Living in Confidence

How the Mind Controles the Body 

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Esophagus, upper 2/3
See also: esophagus, lower 1/3, oral and pharyngeal mucosa, deep oral mucosa, deep nasal and pharyngeal mucosa.
Sensitivity follows the oral mucosa diagram.
Whether it involves the left or right side of the mouth or throat depends on biological dexterity.
Not wanting to swallow something, wanting to spit something out. Something has been or is being forced down your throat that you don't want.
The lower 1/3 part of the esophagus is deep, endodermal mucosa and deals with a lump that you would like to swallow, but cannot or should not.
CA phase
Decrease in lining of esophagus, wider esophagus.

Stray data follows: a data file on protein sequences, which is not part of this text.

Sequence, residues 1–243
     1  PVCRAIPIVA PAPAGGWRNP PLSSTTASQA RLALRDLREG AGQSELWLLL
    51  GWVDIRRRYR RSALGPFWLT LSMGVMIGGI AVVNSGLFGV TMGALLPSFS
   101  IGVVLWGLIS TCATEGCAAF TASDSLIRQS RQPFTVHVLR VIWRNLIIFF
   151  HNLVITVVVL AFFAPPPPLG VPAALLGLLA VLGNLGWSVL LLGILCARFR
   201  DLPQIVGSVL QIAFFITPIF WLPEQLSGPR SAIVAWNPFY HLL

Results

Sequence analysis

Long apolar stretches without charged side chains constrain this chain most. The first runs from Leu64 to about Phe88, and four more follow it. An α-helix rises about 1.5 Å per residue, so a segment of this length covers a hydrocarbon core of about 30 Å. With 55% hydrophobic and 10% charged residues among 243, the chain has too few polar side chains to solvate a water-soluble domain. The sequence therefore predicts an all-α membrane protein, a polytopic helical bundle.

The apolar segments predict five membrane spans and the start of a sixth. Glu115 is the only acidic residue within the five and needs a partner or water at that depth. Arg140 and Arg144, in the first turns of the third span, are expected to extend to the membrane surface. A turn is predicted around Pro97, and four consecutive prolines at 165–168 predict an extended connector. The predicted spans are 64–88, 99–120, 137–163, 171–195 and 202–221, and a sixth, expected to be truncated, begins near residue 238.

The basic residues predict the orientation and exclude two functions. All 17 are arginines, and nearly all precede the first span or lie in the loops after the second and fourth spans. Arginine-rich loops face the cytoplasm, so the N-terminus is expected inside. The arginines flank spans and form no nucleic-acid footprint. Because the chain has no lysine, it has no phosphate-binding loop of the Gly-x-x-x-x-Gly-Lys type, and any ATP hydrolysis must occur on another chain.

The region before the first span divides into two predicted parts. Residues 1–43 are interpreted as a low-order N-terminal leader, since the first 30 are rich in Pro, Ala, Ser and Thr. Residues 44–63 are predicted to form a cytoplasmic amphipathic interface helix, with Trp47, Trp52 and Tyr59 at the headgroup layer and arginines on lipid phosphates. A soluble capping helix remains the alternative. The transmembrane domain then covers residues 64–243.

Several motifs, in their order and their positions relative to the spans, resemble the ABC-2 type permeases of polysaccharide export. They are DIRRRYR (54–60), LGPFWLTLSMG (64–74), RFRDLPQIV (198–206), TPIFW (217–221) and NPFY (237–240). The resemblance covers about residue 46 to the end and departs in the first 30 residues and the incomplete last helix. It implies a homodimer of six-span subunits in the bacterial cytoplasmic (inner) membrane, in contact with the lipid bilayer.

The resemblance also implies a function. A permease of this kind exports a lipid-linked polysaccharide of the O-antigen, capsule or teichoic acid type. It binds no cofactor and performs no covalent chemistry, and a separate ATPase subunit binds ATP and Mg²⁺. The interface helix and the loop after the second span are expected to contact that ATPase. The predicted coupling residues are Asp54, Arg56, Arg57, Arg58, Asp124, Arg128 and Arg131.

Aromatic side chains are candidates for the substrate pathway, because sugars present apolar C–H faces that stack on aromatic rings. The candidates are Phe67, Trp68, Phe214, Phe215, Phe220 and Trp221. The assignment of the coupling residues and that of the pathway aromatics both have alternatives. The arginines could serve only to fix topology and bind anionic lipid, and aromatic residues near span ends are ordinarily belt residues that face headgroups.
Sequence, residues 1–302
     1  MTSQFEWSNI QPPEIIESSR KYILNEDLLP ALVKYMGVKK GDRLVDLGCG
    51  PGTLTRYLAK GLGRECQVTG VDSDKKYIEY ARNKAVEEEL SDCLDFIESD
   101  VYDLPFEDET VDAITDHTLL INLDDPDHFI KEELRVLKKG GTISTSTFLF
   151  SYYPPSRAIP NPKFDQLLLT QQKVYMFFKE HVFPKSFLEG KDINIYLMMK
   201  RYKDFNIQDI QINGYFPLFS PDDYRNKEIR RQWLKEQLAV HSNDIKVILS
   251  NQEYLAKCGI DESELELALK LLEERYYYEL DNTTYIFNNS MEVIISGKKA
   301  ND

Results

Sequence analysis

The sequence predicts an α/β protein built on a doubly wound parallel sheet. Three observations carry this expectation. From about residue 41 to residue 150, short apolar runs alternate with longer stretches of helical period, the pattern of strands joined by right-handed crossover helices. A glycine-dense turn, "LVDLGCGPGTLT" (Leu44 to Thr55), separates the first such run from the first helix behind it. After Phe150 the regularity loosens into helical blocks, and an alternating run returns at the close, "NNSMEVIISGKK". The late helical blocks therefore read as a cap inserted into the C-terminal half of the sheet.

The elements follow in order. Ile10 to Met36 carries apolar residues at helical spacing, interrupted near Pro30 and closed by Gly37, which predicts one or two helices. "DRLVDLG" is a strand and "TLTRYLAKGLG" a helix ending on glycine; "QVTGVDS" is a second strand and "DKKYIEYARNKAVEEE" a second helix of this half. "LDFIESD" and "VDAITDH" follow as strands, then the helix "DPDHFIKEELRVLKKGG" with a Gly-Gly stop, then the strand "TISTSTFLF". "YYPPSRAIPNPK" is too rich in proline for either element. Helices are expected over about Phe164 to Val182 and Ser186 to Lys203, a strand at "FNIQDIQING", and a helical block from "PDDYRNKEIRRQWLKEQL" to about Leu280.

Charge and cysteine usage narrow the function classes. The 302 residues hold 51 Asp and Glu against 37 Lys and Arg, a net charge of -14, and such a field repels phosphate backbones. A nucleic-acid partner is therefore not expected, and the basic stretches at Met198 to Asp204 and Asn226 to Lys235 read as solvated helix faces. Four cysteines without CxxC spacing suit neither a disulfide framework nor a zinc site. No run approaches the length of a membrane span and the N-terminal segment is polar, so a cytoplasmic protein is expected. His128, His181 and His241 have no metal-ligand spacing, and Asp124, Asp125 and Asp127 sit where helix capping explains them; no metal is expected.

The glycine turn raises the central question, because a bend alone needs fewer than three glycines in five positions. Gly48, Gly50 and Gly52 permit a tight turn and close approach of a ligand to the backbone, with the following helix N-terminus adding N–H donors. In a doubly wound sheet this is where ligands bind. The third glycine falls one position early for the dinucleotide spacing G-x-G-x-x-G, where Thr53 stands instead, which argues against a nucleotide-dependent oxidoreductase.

Biological utility
Being able to spit out something better. If it becomes painful, this helps to prevent swallowing.
At first, none. The lining is quite thick and it takes some time before the sores are deep enough to feel them.
PCL phase
Reconstruction of the lining of the esophagus.
Swelling, frequent bleeding, no pain.
With prolonged or intense conflict, the swelling may cause swallowing problems, especially with the syndrome. It may be necessary to insert a tube through the nose during the healing phase. This may take 2 to 3 months.
Strong pains, possibly chills and cold sweats. Often the transverse muscles around the esophagus are also programmed along: violent, very painful esophageal spasms. Esophageal colic.